High-Throughput Genetic Identification of Functionally Important Regions of the Yeast DEAD-Box Protein Mss116p.Mohr, G., Del Campo, M., Turner, K.G., Gilman, B., Wolf, R.Z., Lambowitz, A.M.
(2011) J Mol Biol 413: 952-972
- PubMed: 21945532
- DOI: 10.1016/j.jmb.2011.09.015
- Primary Citation of Related Structures:
- PubMed Abstract:
The Saccharomyces cerevisiae DEAD-box protein Mss116p is a general RNA chaperone that functions in splicing mitochondrial group I and group II introns. Recent X-ray crystal structures of Mss116p in complex with ATP analogs and single-stranded RNA sho ...
The Saccharomyces cerevisiae DEAD-box protein Mss116p is a general RNA chaperone that functions in splicing mitochondrial group I and group II introns. Recent X-ray crystal structures of Mss116p in complex with ATP analogs and single-stranded RNA show that the helicase core induces a bend in the bound RNA, as in other DEAD-box proteins, while a C-terminal extension (CTE) induces a second bend, resulting in RNA crimping. Here, we illuminate these structures by using high-throughput genetic selections, unigenic evolution, and analyses of in vivo splicing activity to comprehensively identify functionally important regions and permissible amino acid substitutions throughout Mss116p. The functionally important regions include those containing conserved sequence motifs involved in ATP and RNA binding or interdomain interactions, as well as previously unidentified regions, including surface loops that may function in protein-protein interactions. The genetic selections recapitulate major features of the conserved helicase motifs seen in other DEAD-box proteins but also show surprising variations, including multiple novel variants of motif III (SAT). Patterns of amino acid substitutions indicate that the RNA bend induced by the helicase core depends on ionic and hydrogen-bonding interactions with the bound RNA; identify a subset of critically interacting residues; and indicate that the bend induced by the CTE results primarily from a steric block. Finally, we identified two conserved regions-one the previously noted post II region in the helicase core and the other in the CTE-that may help displace or sequester the opposite RNA strand during RNA unwinding.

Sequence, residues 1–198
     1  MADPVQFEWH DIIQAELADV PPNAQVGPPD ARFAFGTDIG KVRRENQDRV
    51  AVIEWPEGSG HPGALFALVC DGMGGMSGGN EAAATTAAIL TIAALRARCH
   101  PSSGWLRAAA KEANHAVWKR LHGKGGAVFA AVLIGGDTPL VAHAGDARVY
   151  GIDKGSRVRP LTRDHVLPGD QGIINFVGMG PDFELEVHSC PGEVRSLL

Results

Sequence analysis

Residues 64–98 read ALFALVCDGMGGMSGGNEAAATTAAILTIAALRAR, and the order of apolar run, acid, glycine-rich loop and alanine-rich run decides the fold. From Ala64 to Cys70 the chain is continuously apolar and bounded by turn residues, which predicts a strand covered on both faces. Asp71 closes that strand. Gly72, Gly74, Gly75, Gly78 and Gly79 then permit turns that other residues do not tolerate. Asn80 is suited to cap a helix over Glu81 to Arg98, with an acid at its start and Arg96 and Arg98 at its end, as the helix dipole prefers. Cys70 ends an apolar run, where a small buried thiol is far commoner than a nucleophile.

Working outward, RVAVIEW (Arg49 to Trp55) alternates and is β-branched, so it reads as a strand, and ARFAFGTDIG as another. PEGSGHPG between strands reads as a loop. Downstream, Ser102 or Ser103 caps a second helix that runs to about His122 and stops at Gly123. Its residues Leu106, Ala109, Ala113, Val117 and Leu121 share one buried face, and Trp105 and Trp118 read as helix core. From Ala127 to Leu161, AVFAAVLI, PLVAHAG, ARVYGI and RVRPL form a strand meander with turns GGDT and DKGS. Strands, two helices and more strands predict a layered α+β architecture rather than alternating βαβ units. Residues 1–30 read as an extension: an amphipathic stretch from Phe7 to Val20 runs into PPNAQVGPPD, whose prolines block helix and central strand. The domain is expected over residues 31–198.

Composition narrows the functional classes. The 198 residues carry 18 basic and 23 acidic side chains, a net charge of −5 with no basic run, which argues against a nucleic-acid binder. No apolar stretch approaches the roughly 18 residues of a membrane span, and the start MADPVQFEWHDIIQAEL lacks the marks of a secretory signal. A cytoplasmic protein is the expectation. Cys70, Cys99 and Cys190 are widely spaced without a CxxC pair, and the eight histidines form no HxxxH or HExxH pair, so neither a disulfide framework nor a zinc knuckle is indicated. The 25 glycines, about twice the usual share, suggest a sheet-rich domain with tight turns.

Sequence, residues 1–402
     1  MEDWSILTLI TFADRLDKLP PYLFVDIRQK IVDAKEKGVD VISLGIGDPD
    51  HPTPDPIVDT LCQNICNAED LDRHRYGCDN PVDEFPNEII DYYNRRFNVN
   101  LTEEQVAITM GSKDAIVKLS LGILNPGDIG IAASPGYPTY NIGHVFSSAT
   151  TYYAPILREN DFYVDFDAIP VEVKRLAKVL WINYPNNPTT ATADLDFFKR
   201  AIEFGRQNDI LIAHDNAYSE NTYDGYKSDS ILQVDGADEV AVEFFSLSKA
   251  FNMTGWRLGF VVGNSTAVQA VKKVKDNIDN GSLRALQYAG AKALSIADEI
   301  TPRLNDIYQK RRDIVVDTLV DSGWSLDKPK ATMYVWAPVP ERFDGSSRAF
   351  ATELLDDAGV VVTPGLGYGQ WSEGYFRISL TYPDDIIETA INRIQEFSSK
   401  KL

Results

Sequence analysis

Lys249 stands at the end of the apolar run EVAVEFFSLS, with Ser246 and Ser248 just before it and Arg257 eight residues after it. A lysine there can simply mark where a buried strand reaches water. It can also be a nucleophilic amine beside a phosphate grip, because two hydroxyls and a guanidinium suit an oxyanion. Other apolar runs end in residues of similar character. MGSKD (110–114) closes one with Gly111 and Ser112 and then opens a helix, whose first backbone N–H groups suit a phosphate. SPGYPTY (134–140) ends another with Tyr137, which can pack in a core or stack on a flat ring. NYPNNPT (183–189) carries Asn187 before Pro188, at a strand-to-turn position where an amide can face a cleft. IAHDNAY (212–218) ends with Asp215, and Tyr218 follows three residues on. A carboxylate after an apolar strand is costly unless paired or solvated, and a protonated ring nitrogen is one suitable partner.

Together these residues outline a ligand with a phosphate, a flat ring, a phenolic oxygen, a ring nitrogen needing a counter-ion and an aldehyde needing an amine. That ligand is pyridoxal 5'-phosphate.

Institute for Cellular and Molecular Biology, Department of Chemistry and Biochemistry, and Section of Molecular Genetics and Microbiology, School of Biological Sciences, University of Texas at Austin, Austin, TX 78712, USA.